Disbelief is No Excuse for Ignorance

Mark Laluan

While cynicism is deeply rooted in the American character, the outright disbelief in factual evidence displayed by a wide-range of the population is most troubling.

On May 1, Osama bin Laden—that bugbear of freedom of democracy—was brought to justice at his palatial hideout in Pakistan. Upon hearing news of Bin Laden’s demise at the hands of US Navy SEAL’s, spontaneous celebrations broke out all across the country and the internet.

In what has been jokingly referred to in some circles as “Osama’s last act of terrorism”, news feeds on Facebook were “blown up” with news of the al-Qaeda leader’s death, links to the patriotic melody “God Bless the U.S.A.” and shows of genuine patriotism, both tasteful and untactful.

For the briefest of moments the usual icy political atmosphere of America’s public universities seemed to thaw through the warmth coming from a shared sense of triumph in the blow dealt to al-Qaeda.

As an example, Cal Dems President Daniel Osborn and Berkeley College Republican President Shawn Lewis were on hand at a small rally celebrating the efforts of American armed forces in the action which brought Bin Laden down.

One is welcome, even encouraged, to question these sentiments expressed in those taking joy in Bin Laden’s death. We do not suggest this national consensus of one part relief and one part triumph is for everyone.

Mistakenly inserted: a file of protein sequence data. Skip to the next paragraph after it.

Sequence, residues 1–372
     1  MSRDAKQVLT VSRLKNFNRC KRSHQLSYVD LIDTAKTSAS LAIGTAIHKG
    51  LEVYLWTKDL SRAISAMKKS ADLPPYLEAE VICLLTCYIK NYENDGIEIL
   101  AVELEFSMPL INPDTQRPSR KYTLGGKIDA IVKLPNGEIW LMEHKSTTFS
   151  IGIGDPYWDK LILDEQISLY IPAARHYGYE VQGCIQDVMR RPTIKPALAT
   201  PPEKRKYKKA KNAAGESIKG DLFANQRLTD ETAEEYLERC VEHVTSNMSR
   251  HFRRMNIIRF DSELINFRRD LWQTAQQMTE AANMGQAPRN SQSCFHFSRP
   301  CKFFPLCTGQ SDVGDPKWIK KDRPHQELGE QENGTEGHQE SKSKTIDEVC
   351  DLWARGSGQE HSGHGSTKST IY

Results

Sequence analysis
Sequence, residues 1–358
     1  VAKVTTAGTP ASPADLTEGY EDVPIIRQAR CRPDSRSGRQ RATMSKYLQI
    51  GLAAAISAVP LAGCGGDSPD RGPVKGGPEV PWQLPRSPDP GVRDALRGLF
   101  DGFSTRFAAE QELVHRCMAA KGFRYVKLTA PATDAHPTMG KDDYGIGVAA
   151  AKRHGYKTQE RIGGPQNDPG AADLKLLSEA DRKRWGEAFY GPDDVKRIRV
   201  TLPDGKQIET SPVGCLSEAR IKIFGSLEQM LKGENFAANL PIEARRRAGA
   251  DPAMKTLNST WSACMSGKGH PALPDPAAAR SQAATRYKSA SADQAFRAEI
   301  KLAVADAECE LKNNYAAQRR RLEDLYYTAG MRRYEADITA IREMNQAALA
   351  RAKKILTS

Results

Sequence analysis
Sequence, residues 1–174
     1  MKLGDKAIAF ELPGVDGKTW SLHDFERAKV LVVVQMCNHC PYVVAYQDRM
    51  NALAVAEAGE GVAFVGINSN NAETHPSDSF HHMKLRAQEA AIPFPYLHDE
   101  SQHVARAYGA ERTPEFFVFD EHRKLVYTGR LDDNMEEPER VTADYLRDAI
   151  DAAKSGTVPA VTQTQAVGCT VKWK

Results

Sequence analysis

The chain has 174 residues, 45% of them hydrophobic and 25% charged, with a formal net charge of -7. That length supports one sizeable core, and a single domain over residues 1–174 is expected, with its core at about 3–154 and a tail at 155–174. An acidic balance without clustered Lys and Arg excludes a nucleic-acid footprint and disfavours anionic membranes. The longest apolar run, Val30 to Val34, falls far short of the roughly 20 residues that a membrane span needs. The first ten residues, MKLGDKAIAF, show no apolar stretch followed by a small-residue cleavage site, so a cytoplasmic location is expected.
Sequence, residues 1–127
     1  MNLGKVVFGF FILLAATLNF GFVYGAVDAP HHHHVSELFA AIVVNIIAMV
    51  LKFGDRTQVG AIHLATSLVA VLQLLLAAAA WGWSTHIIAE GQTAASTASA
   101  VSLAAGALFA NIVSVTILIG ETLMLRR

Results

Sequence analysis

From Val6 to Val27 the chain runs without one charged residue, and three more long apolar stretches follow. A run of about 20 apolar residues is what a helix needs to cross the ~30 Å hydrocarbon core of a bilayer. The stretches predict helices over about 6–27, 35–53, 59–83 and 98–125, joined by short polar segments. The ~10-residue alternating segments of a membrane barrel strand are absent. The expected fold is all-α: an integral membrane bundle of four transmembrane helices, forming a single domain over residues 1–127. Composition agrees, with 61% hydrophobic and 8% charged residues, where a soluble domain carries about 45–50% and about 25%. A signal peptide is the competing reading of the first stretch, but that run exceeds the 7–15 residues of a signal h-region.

However, we do vehemently oppose the willful ignorance of facts that has lead to a rash of conspiracy theories taken as common currency throughout the nation. A healthy distrust of government does not equate to being given carte blanche to challenge establish fact or warp the fabric of reality at whim.

Already many have blogged or mused about how “Osama actually died in 2002, was put on ice and has now been wheeled out to justify [insert government conspiracy] or how “The announcement of Osama’s death on the same day Adolf Hitler’s death was announced proves that this is an orchestrated act to boost public confidence in the powers that be to ensure that [insert government conspiracy] can happen.”

These acts of mental gymnastics are no different than billionaire Donald Trump’s attempt to legitimize the “birther movement”, accusing NASA of faking the moon landings, the 9/11 “truther movement” or the myriad other half-baked concepts accepted at face value by many.

This willingness by large segments of the population to replace reality with constructs of their own creation is by-and-large one of the primary reasons for the decay of American democracy. A government of the people and by the people cannot function if the people are willfully ignoring facts that can be used to build consensus.

We are not suggesting that individuals do not have the right to believe in whatever they want to believe. Rather we are suggesting that there is a fine-line between constructive doubt and merely making things up.